Ciao from Roma!
So far I have been in Rome for 1.5 days, and it seems like I have just arrived and been here forever at the same time. I am probably more exhausted than I feel at the moment, due to the extra energy demanded while traveling, absorbing the quirks of a new country, comprehending a new language, and most daunting of all – learning the names of my fellow students…womp.
The journey: I sat next to a Microsoft manager from Kirkwood on the way to Chicago, and I befriended a man named Colin who works as a solo percussionist on the six-hour flight to London (Here is a link to his website – I don’t think he’d mind me sharing. Good musicians deserve all the credit we can give). We talked a lot about our lives and his experiences traveling internationally (he’s been lost in Forest Park before and has played with the STL Symphony, which he placed on his list of top 10 US orchestras!). I pulled out the Let’s Go Travel Europe book because he wanted to evaluate their suggestions for London entertainment and food. “This all looks sound.” (BRITISH LINGO!). He gave me his email address so he can give me specific suggestions if I go there, and then he gave me a sky-view tour of the city as we flew above it in its waking hours. After the long, restless flight, he restored my enthusiasm with a parting hug and genuine words: “All best, Grace. I’ll be thinking of you.”
Terminal 5 in the London Heathrow airport is RITSY…high-end stores and huge seating areas surrounded by restaurants nicer than I would ever expect in an airport. There’s even a department store with Forever 21’s sparkly floor tiles…Jane, you are so secretly high-end!). British lingo – “Mind your head when leaving seat” and the women’s bathroom symbol that has a full, Cinderella-ish skirt. I paid a ridiculous amount to get 10 pounds (not going to look for the symbol, it’s an L with a line) so I could buy a sandwich that was only 2 pounds. Thanks, money exchange guy for suggesting an airport breakfast would be 10 pounds to an American teenager. I knew it was a rip-off but my stomach wanted food.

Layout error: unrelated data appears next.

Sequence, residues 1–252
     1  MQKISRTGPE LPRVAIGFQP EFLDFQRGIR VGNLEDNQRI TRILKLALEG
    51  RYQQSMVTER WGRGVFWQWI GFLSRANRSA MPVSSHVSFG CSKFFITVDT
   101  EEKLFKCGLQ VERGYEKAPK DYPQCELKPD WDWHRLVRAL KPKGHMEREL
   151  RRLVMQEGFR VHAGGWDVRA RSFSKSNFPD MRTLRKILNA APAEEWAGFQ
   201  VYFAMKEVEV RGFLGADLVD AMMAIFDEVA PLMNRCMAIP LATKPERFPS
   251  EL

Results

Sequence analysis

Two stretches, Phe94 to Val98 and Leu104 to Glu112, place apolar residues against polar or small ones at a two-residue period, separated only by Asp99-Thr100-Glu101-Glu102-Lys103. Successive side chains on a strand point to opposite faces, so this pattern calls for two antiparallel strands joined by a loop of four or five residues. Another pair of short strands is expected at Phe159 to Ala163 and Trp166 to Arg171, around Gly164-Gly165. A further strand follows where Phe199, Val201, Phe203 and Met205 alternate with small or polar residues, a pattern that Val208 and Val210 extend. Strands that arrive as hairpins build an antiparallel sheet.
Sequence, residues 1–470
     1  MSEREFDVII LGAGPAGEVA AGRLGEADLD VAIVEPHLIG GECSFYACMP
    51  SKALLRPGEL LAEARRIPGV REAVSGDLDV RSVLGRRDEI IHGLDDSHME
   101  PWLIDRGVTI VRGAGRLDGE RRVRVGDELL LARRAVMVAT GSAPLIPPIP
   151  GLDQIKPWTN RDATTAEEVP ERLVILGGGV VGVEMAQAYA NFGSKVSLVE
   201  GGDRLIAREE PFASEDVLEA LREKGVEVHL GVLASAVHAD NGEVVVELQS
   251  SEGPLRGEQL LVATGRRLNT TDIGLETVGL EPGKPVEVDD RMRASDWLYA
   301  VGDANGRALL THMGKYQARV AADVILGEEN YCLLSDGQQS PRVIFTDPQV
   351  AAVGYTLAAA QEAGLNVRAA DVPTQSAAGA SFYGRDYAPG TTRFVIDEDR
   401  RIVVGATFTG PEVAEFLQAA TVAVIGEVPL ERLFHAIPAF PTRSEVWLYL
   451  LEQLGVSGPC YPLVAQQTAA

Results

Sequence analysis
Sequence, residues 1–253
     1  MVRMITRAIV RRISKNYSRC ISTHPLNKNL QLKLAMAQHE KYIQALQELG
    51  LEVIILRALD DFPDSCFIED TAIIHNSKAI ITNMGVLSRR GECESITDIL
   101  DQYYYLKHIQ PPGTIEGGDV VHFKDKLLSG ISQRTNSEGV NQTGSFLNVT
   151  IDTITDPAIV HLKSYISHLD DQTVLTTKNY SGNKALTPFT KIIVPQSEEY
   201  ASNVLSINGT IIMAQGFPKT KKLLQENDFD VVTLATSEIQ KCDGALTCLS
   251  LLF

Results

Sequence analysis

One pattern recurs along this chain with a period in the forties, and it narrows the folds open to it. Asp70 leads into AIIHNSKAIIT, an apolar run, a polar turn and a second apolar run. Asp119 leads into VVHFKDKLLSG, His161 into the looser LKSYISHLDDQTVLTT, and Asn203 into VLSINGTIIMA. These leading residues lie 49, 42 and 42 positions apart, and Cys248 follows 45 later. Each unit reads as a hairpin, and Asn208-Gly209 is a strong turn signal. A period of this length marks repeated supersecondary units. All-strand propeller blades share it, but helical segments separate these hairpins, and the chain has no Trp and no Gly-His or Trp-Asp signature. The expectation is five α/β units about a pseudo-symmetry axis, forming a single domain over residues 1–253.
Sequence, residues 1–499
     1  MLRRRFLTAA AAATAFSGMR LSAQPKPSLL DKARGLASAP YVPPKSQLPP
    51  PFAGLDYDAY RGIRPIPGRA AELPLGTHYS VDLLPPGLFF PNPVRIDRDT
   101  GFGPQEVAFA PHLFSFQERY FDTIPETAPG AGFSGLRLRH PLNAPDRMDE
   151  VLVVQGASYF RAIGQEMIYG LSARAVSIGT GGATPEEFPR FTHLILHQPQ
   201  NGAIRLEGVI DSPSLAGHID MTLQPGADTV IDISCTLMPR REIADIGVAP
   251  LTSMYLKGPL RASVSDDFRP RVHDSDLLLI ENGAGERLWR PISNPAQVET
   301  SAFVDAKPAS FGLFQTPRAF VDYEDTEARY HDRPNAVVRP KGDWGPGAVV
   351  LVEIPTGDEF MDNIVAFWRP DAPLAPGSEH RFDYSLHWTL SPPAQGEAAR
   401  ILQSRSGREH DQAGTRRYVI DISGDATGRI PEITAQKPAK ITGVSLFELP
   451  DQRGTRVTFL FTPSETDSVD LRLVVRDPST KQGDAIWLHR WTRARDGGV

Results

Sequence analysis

A girl from Emory recognized me at the terminal for the flight to Rome-Fiumancino, and then a few other girls from IES overheard us and joined us (a boy told me today that he heard us all talking about IES Rome in the terminal but didn’t want to introduce himself because he was feeling anti-social. I hear ya..I was planning to fix my ragged bag-ed face up in Rome before I met anyone, but NOPE, the world wants me to look like an addict when I meet people. Yesssssss.
Destination: We all sat next to each other on the gorgeous plane ride – I scored a window for flying above the ALPS! All of us also scored snickers from Italians when they saw us struggling with our huge amount of luggage. IES greeted us and took us to get information packets, cell phones, and soon shipped us off to our apartments by a Mercedes-Benz shuttle. Now I don’t want to spoil the experience of first witnessing Rome for la mia famiglia, but I kept thinking of a giant paintbrush dipped in soot and lightly brushed across the many pastel buildings with green plants spilling over every window box and balcony rail. The trees are more tropical than I imagined. The Italians exceed the Americans in dangerous driving and J-walking. I thought we were about to hit peds at least twice and then a vespa squeezed into the 2 foot space between our van and the sidewalk, barely escaping us. It was awesome.